In nearly 40 years of addiction ministry, Harvest Evangelism founder Rick Hagans has never witnessed a sweeter, more honest graduation than the one held Aug. 15 at First Baptist Church, Opelika. It also was the largest group yet.
The ceremony recognized 23 men and women who completed the faith-based residential recovery program located in the east Alabama town of Lafayette.
“COVID-19 has forced everything to be more inward and that’s been difficult, but out of that inward push, there’s a sweetness,” Hagans said. “Our men and women were more honest than they had ever been.”
As the graduates shared their testimonies, Halley Waller recalled how she had come to Harvest’s Hosanna Home for women after years of physical, sexual and mental abuse at the hands of her father. Through the program, Waller found healing as she learned of a heavenly Father who loved and cared for her.
“I now know what having a real father feels like,” Waller said. “I now know how loving and forgiving He is. Even when I fall short, He loves me anyway. That is true love.”
Michael Richardson recalled turning to drugs and alcohol after losing his five-month-old daughter to brain cancer.
“My life had been nothing but trials and tribulations. I had wanted to be the best dad in the world. [Losing her] got me on methamphetamines and alcohol, drug me all the way down to the deep.”
Richardson said he found hope at His Place, Harvest Evangelism’s men’s recovery home.
‘From the inside out’
Graduate Marie Gas said Hosanna Home “has changed me completely from the inside out. I’m alive and I’m living; I’m redeemed and I am forgiven.”
During her time at Hosanna House, Gas met fellow graduate Josh McVicker. The two fell in love and were married Aug. 16, after completing the year-long program.
Tyler McLain recalled how God used His Place to completely turn his life from drug addiction to a heart for ministry — he’s registered to attend Summit International School of Ministry in the fall.
Financial support for Harvest Evangelism has dwindled during the pandemic, and Hagans said some friends of the ministry urged him to close one of the homes.
“It’s cheaper to bury them than it is to house them,” Hagans reflected. “I told the crowd [at graduation], ‘You just heard 23 testimonies. Who do you want to send to Hell, the men or the women? Who do you want to put back on the street or in an abusive situation?’
“I believed God would be faithful and He has.”
Hagans noted 24 graduates should have been at the ceremony.
Another program participant had just two weeks left in the program when he received his COVID-19 stimulus check and elected to leave His Place.
“He left on Saturday and they found him dead on Wednesday with a needle in his arm,” Hagans lamented. “It just breaks your heart. We see it far too often.”
In fact, Hagans has seen more addiction cases than ever this year due to pandemic restrictions.
“Addicts don’t do well by themselves,” Hagans said. “During COVID, they’ve gone from functioning to catastrophic because they’ve used more [drugs] and have experienced more emptiness in their lives.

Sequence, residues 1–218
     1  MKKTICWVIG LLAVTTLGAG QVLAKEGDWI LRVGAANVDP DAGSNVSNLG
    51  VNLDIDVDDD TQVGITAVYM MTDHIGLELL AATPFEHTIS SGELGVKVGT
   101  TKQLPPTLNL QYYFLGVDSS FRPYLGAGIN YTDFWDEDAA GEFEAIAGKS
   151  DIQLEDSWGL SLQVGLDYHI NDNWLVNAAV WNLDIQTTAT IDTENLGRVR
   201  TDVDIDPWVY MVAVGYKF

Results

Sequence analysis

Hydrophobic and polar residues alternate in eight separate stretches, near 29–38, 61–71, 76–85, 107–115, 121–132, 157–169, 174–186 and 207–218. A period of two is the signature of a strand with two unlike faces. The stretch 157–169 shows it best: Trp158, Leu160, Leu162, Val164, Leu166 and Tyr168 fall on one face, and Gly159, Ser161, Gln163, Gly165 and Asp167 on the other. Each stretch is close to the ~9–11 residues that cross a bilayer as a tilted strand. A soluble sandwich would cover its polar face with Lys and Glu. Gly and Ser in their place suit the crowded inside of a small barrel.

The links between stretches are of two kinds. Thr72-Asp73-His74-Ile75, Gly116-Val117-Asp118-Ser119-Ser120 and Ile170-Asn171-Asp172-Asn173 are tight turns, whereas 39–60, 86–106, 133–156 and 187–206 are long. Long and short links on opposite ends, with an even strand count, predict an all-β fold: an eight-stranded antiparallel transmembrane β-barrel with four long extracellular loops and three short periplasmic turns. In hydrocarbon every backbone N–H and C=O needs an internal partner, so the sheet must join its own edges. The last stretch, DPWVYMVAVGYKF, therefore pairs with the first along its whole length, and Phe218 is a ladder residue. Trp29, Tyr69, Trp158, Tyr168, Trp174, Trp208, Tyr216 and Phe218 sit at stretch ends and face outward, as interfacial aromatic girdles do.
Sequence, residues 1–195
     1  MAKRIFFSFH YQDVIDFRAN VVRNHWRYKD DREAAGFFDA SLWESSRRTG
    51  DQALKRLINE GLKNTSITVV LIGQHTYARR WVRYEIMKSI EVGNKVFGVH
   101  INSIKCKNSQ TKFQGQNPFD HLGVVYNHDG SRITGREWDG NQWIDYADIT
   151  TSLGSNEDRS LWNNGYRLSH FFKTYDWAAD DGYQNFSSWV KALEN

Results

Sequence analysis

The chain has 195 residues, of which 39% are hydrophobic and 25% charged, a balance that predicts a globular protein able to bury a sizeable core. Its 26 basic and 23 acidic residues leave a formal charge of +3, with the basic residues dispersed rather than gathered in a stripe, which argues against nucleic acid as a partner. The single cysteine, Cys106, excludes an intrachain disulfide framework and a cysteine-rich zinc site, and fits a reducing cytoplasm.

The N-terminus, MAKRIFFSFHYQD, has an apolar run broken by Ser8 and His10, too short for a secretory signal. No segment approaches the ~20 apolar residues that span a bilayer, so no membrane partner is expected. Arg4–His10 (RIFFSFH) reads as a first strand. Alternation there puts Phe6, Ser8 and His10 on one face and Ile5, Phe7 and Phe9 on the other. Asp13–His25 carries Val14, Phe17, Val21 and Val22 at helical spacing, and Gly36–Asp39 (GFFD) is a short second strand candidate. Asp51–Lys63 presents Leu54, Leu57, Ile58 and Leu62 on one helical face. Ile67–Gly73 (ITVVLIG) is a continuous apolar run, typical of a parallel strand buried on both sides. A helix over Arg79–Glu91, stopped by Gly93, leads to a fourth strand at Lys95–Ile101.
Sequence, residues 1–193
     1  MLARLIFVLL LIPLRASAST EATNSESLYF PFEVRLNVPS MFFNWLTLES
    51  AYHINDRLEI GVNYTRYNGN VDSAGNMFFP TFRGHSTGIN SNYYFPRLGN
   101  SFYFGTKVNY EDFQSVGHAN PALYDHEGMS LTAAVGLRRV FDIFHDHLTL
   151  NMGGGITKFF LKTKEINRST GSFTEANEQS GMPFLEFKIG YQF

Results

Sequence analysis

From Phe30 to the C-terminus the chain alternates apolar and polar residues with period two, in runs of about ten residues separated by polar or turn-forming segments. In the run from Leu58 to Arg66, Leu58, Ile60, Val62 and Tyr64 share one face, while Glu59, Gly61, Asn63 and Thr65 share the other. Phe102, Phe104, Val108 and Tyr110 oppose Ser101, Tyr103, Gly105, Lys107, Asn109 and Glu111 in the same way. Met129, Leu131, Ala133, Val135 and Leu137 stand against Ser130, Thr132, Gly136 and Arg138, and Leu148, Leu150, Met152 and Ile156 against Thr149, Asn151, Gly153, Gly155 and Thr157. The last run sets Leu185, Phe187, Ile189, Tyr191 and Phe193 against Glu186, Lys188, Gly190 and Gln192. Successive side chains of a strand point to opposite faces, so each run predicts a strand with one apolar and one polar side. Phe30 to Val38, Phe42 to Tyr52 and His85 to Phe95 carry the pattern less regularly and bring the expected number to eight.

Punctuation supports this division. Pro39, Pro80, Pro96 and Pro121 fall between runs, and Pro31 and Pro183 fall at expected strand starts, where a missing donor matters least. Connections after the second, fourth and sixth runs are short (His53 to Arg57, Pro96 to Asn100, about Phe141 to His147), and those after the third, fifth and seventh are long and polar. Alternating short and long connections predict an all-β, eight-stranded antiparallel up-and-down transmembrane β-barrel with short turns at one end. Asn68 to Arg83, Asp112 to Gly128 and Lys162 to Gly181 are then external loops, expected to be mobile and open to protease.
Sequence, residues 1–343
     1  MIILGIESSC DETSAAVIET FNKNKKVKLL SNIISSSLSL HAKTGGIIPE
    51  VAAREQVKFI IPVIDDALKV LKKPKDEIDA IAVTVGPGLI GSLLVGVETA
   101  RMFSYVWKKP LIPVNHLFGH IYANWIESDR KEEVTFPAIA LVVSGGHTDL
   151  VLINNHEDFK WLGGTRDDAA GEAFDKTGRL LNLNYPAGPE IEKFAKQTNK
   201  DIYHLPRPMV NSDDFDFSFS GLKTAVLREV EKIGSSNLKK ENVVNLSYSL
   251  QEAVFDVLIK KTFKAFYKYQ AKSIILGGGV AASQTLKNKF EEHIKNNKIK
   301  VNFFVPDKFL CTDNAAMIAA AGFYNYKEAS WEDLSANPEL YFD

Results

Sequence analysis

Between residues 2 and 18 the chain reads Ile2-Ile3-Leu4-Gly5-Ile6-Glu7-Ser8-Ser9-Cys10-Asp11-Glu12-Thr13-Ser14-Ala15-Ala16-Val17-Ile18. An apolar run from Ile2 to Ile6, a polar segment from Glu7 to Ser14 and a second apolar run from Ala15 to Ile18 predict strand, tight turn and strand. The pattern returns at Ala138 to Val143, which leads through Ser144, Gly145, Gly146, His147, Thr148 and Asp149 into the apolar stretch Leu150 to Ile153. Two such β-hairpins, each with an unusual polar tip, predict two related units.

“There’s no small group or Sunday School, no Celebrate Recovery,” he said. “There are more drugs available and they’re cheaper now than they were 10 years ago.”
“But John wrote in exile that you can overcome the enemy by the blood of the Lamb and the word of your testimony, when you love not your life unto death,” Hagans said. “That’s what we tell people: You can overcome the enemy.”
To learn more about Harvest Evangelism, follow Hagans on Facebook at tabonline.org/rick-hagans.
Shoes, friendships result from walks
Ramblin’ Rick” Hagans walks across one state every summer, collecting pledges for each mile to buy shoes for children in Mexico.
On these walks, Hagans has made countless friends who became lifelong supporters of Harvest Evangelism, of which he is founder. While the coronavirus pandemic postponed his scheduled walk through Idaho this summer, not even COVID-19 could keep one of his journeys from impacting the lives of those served by His Place, Harvest Evangelism’s faith-based residential recovery program for men.
Hagans encountered fellow preacher Charlie Walker 21 years ago while walking through Minnesota. Walker offered Hagans a lift and hospitality one night, and the two developed a lifelong bond.
Through the years Walker preached in Alabama and Hagans returned to Minnesota, often preaching more there than he did at home. Hagans said he eventually helped Walker open a men’s addiction recovery home in Minnesota.
Some 15 years ago, Hagans said Walker experienced a dark time of depression, and Hagans encouraged his friend to spend a few months at Harvest Evangelism.
“Charlie was a preacher, not an addict, but I believe you can live with depression or with addictions when someone loves you, and you know that you’re loved and that you will be loved,” Hagans said. “Charlie spent three months with us, and it changed his life. He went back to Minnesota and preached for another 10 years.”
Walker died in 2018 while entering the pulpit to preach. This year his wife, Nadine, donated five boxes of Walker’s “church clothes” to the men at His Place.
Hagans said the clothing blessed several of the men with little access to “dress-up clothing.”
“One of our guys had on one of Charlie’s jackets [at graduation],” Hagans said. “Charlie was a precious friend.”
Now Hagans walks not only for shoes but also to motivate other Christians toward “taking a step and becoming a part of history.”
“I said, ‘God, there’s people who wouldn’t normally go to church. Let me meet them.’ God put me where I met them, and when I go to church and share these stories it brings comfort to people who realize they can walk across the street or meet someone in Walmart.”